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2014 Transplant and Organ Donation Calendar: Kaylin Burr

Kaylin and her sister promote organ donation through their Green Out Game.When Kaylin Burr was just five years old, she became very sick. By age seven she could only make it through a few hours of school each day, and then only because she could take a nap on a bean bag chair that was purchased especially for her. 

 

"I don't think she even remembers much of second grade," said Kaylin's mom, Sheila.

 

Kaylin was diagnosed with atypical hemolytic uremic syndrome, triggered by a virus she had two years earlier. She needed a kidney transplant. The Burrs live in Iowa and looked at medical options in neighboring states before choosing to come to UW Hospital and Clinics. Kaylin received her kidney transplant in 2004.

 

Now age 16, Kaylin and her family are all giving back to the transplant community by spreading the message of organ donation. Kaylin's older sister, Courtney, started the ball rolling by creating "Green Out Game."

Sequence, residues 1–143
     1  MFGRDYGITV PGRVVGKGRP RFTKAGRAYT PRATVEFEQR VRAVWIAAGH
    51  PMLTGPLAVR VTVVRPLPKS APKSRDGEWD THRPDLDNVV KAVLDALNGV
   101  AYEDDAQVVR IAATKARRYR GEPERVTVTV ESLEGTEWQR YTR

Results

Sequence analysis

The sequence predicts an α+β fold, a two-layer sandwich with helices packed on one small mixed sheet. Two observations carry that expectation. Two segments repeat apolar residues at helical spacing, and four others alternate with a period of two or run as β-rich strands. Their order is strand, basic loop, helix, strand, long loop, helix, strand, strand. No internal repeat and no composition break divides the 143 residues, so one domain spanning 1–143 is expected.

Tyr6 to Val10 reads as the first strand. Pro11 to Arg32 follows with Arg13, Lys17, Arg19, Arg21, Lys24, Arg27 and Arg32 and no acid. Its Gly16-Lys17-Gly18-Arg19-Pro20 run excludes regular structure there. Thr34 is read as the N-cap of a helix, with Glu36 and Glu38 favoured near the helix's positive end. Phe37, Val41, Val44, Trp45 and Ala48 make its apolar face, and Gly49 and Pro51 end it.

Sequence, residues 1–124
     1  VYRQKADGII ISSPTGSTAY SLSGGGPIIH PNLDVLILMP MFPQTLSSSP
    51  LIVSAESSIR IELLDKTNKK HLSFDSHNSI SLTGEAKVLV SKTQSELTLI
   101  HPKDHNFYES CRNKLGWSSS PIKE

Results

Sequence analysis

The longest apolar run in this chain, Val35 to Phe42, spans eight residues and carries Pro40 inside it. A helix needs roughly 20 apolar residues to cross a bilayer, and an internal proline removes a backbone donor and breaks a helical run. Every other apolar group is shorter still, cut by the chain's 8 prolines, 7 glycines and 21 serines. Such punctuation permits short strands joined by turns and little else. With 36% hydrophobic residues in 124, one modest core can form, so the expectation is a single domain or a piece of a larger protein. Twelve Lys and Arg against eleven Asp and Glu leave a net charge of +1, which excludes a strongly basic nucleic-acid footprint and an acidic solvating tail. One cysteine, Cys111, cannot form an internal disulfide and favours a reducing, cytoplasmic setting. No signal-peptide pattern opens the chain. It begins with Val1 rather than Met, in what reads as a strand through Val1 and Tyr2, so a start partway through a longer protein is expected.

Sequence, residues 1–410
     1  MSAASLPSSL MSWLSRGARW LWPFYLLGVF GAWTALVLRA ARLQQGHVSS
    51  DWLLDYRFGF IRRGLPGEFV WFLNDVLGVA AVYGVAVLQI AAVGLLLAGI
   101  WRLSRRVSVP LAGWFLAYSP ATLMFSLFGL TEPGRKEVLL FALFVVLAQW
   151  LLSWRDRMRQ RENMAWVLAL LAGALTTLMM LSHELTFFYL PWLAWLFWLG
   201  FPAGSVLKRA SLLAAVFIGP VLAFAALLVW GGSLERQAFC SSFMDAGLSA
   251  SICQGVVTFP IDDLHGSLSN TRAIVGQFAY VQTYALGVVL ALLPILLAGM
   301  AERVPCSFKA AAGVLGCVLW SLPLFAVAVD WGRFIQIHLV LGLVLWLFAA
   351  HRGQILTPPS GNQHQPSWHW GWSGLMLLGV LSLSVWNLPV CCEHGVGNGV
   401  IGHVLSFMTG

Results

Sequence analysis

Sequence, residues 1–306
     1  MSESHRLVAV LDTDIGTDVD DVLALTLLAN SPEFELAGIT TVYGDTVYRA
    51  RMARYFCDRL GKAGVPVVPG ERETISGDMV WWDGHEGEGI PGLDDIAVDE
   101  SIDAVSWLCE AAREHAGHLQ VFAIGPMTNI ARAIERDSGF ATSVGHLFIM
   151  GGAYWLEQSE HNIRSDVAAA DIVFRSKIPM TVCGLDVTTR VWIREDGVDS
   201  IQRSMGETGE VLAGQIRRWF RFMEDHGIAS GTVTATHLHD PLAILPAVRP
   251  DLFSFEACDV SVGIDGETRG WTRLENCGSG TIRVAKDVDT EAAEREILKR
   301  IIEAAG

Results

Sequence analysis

Green is Iowa's Donate Life color, so they turned their high school gym green during a basketball game. The idea quickly caught on and has become an annual tradition for the Burrs, and Kaylin's high school. Kaylin and her friends sell t-shirts, wristbands and green ribbons and hair accessories. Younger kids circulate through the bleachers, handing donor registration forms to the fans. 

 

"It's so overwhelming to walk into the gym and see hundreds of people in green," said Sheila, "literally the entire gym!"

 

Because of her illness, Kaylin was not able to participate in sports. Instead, she managed the cross-country team and the basketball team. Organizing the Green Out Game became a way for her to connect her love of sports with her passion for organ donation.

 

"It's especially exciting to be able to work with my friends and my classmates," said Kaylin, "and share my message with my peers and community."

 

Now in its fourth year, the Green Out Game is getting bigger and the message of organ and tissue donation is growing stronger. Transplant recipients in neighboring communities are bringing the concept to their own schools and towns, and other families who are in need of transplants or who have been affected by organ donation have reached out to the Burrs to say thank you for the work they are doing.

 

"By working with other families and communities," said Sheila, "we are working together to share how donation affects both donor families and recipients so people can see that even during the most devastating time of their lives, their child's life can go on through the gift of life to another."